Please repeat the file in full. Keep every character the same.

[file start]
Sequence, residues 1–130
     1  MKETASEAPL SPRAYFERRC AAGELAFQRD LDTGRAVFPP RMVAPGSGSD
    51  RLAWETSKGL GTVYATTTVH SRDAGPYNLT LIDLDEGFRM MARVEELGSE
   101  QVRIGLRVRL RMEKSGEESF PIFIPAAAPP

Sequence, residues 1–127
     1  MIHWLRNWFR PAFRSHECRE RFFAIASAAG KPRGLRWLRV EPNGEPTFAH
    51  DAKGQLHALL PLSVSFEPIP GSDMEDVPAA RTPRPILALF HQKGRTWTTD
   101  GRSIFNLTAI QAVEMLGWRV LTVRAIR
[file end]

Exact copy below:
Sequence, residues 1–130
     1  MKETASEAPL SPRAYFERRC AAGELAFQRD LDTGRAVFPP RMVAPGSGSD
    51  RLAWETSKGL GTVYATTTVH SRDAGPYNLT LIDLDEGFRM MARVEELGSE
   101  QVRIGLRVRL RMEKSGEESF PIFIPAAAPP

Sequence, residues 1–127
     1  MIHWLRNWFR PAFRSHECRE RFFAIASAAG KPRGLRWLRV EPNGEPTFAH
    51  DAKGQLHALL PLSVSFEPIP GSDMEDVPAA RTPRPILALF HQKGRTWTTD
   101  GRSIFNLTAI QAVEMLGWRV LTVRAIR